Mabel Normand was the first great comedienne of American cinema and one the most important -- and popular -- American silent film actresses. By the time she first showed up at the Biograph studio in 1910, Normand was already a "Gibson Girl" (a model for illustrator Charles Dana Gibson) and a champion swimmer, and she was not yet 18. Biograph published a photo of Normand with the phony name "Muriel Fortescue," leading some sources to believe this her real name, but nevertheless it was Mabel Normand. She was from a French Canadian family and born on Staten Island on November 9, 1892. Normand worked for Biograph only a few months, then joined Vitagraph for about a year while the Biograph Company wintered out West. After they returned, so did she, working under the direction of D.W. Griffith. Griffith cast Normand as the "second girl" in melodramas and in tomboy roles; Griffith's protégé, Mack Sennett, primarily made comedies and would exploit Normand's natural comic abilities and athleticism through casting her in the lead. A Dash Through the Clouds (1912) featured Normand escaping with her beau in a new gadget, a Wright Brothers-styled airplane. This, and other, short comedies made by Sennett helped establish Mabel Normand as a girl who could take care of herself -- willful, powerful, and seemingly without fear.
Sennett broke with Biograph to found Keystone Comedies, and Normand joined him in California; she starred in the first Keystone, The Water Nymph, released in September 1912. Apparently, a personal relationship between Sennett and Normand blossomed about this time as well, and though it was once the source of a popular musical, Mack and Mabel, the true nature of their relationship remains unclear. Normand was the Sennett studio's most significant female star, and as Sennett also discovered and introduced Gloria Swanson, Phyllis Haver, Betty Compson, and Carole Lombard, that's saying a lot. Normand also began to direct in 1914, although more out of necessity than any artistic need. One reason Charlie Chaplin was allowed to direct so early in his Keystone career was that he objected to taking direction from Normand, complaining about it to Sennett.
Normand entered into an immensely popular series of films co-starring Roscoe "Fatty" Arbuckle as sidekick, with titles such as Fatty and Mabel Adrift (1916) and Fatty and Mabel at the San Diego Exposition (1915) being among the best remembered. It is said that the relationship, such as it was, between Sennett and Normand foundered in the summer of 1915, nevertheless, Sennett decided to produce a feature starring Normand and built the Mabel Normand Studio next door to Keystone; it was a necessary move, as the Keystone studio didn't have the right infrastructure to make such a film. Normand was 24 years old at the time; the studio with her name above the gate made only one film, Mickey (1918), a sentimental melodrama in the style of Griffith, spiced with comic touches. Mickey was tied up in post-production so long that by the time it was released, Normand had already left Sennett for the Goldwyn Studio and had been working there a year. Mickey, aided by a hit song and a successful merchandising campaign, proved Normand's most successful film, but Sennett had lost legal control of it, and neither shared in its profits.
Normand's sojourn to Goldwyn resulted in disappointing returns, and in 1920, Sam Goldwyn was happy to sell Sennett back her contract. During this time, Normand had become dependant on cocaine and began to suffer months-long periods of illness where she could not work. Once back at Sennett, she made Molly O' (1921), a property more or less modeled right after Mickey; it was enormously successful. However, on February 1, 1922, director William Desmond Taylor was shot in the back and killed, and Normand was unfortunate enough to be the last person to see him alive. Although she had nothing to do with Taylor's murder, her name was added early on to a long list of suspects in the still unsolved case. Although her reputation was sullied, Normand made one more feature with Sennett, The Extra Girl (1923), which remains the most frequently seen of her films, and one of her best. Although it opened to enthusiastic crowds and good reviews, at a New Year's Eve party in 1923, Normand was witness to yet another shooting, this time of playboy Courtland S. Dines, by Normand's chauffeur, with her gun. Dines survived, but Normand's reputation was mortally wounded.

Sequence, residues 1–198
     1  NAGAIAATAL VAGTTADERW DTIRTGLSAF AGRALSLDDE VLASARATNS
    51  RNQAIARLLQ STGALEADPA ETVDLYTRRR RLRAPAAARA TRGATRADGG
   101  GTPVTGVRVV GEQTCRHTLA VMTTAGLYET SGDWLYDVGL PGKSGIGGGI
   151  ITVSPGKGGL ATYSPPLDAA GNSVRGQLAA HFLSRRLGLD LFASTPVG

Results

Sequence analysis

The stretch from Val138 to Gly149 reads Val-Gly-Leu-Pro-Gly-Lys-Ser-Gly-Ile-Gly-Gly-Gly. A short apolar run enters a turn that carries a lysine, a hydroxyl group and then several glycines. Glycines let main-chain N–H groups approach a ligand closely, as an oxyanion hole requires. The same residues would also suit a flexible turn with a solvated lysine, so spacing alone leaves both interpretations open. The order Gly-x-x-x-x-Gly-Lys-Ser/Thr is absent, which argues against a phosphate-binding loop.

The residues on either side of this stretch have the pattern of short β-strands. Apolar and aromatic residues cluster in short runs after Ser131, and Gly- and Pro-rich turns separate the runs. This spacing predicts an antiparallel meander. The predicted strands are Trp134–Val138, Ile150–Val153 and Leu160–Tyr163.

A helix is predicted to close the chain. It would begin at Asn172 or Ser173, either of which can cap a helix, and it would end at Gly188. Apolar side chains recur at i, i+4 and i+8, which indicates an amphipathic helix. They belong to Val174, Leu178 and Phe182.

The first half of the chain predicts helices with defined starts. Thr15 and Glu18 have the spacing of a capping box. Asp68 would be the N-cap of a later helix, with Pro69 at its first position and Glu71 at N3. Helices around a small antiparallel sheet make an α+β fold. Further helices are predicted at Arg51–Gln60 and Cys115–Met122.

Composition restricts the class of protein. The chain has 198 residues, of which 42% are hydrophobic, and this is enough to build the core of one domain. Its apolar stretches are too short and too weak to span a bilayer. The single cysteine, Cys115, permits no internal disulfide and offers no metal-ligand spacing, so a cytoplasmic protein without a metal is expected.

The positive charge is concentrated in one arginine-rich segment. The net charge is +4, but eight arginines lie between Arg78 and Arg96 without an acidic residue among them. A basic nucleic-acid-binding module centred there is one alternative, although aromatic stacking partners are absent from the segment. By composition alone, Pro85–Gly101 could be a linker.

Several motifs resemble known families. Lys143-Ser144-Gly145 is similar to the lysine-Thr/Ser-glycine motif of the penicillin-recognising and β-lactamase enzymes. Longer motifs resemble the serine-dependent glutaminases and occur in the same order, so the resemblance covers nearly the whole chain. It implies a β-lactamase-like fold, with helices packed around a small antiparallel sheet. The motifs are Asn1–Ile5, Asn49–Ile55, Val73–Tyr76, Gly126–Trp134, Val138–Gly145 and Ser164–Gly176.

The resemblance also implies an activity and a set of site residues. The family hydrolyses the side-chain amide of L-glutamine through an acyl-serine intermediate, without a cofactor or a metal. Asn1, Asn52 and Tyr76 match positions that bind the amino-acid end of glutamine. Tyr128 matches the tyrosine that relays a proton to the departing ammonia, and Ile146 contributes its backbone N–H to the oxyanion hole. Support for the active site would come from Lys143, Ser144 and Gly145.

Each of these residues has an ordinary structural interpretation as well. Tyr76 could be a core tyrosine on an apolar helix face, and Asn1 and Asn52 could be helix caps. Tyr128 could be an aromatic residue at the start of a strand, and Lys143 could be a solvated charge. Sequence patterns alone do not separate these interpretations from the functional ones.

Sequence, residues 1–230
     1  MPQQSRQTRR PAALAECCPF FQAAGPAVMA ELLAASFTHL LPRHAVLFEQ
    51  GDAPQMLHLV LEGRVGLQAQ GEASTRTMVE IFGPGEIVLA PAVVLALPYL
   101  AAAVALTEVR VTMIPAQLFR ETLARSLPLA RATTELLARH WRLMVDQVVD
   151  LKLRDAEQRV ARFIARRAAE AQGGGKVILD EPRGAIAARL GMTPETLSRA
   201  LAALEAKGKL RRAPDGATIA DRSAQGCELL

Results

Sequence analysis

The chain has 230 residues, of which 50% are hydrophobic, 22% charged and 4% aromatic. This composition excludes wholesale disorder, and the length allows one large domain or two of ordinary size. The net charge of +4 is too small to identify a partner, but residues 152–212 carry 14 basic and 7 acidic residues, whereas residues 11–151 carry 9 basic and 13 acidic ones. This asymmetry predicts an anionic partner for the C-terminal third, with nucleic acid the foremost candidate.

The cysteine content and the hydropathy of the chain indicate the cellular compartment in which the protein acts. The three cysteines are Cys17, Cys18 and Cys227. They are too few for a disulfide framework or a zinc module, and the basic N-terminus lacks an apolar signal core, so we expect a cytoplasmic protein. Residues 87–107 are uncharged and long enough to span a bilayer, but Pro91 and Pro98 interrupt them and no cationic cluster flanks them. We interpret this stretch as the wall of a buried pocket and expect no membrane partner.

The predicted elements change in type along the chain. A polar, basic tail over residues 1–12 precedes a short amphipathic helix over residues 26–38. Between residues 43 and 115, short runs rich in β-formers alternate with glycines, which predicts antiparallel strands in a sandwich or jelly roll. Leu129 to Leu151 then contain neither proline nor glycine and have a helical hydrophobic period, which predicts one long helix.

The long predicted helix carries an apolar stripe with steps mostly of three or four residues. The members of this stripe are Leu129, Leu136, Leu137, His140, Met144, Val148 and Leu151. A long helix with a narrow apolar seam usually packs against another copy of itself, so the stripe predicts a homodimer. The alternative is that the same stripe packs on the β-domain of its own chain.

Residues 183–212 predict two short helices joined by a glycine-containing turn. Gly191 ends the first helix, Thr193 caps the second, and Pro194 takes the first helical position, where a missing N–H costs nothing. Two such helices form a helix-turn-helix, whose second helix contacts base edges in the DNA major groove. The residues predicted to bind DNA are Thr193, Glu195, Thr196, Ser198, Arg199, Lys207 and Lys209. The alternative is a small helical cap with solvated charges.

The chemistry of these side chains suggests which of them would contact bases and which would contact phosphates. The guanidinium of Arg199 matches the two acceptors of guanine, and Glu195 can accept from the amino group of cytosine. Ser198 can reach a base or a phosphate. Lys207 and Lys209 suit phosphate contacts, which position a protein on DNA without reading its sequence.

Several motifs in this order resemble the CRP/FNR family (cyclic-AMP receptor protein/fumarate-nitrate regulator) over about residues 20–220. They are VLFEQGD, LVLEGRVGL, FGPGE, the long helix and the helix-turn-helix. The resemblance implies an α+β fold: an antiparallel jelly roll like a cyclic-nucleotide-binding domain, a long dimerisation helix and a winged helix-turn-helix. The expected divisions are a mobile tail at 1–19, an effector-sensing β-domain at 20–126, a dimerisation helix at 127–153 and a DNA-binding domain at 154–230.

Although publicly Sennett declared that he planned to continue making films with Normand, in private they agreed to end their association. In 1926, Normand married actor Lew Cody and made five films with Hal Roach. These were her last, for in February 1927 Normand fell prey to her final bout with illness, which claimed her at the age of 37 after three years of slowly declining health. Though tuberculosis was given as cause, research in the late 20th century revealed that Normand may have died from a disease that was carried congenitally through her family line. Altogether Mabel Normand appeared in about 230 films and directed 16 of them; roughly 45 percent of her titles survive. It is not as generous a bequest as it sounds; a third of that total consists of 1914 films in which she co-starred with Chaplin, and the remainder includes only two of her Goldwyn features and one Vitagraph. At her peak, Normand was worshipped by scores of women who admired her for being wealthy, independent, fashionable, and flamboyant -- not to mention well read and eloquent in interviews. She remains one of the most captivating and unique figures among American silent-screen stars. ~ David Lewis, Rovi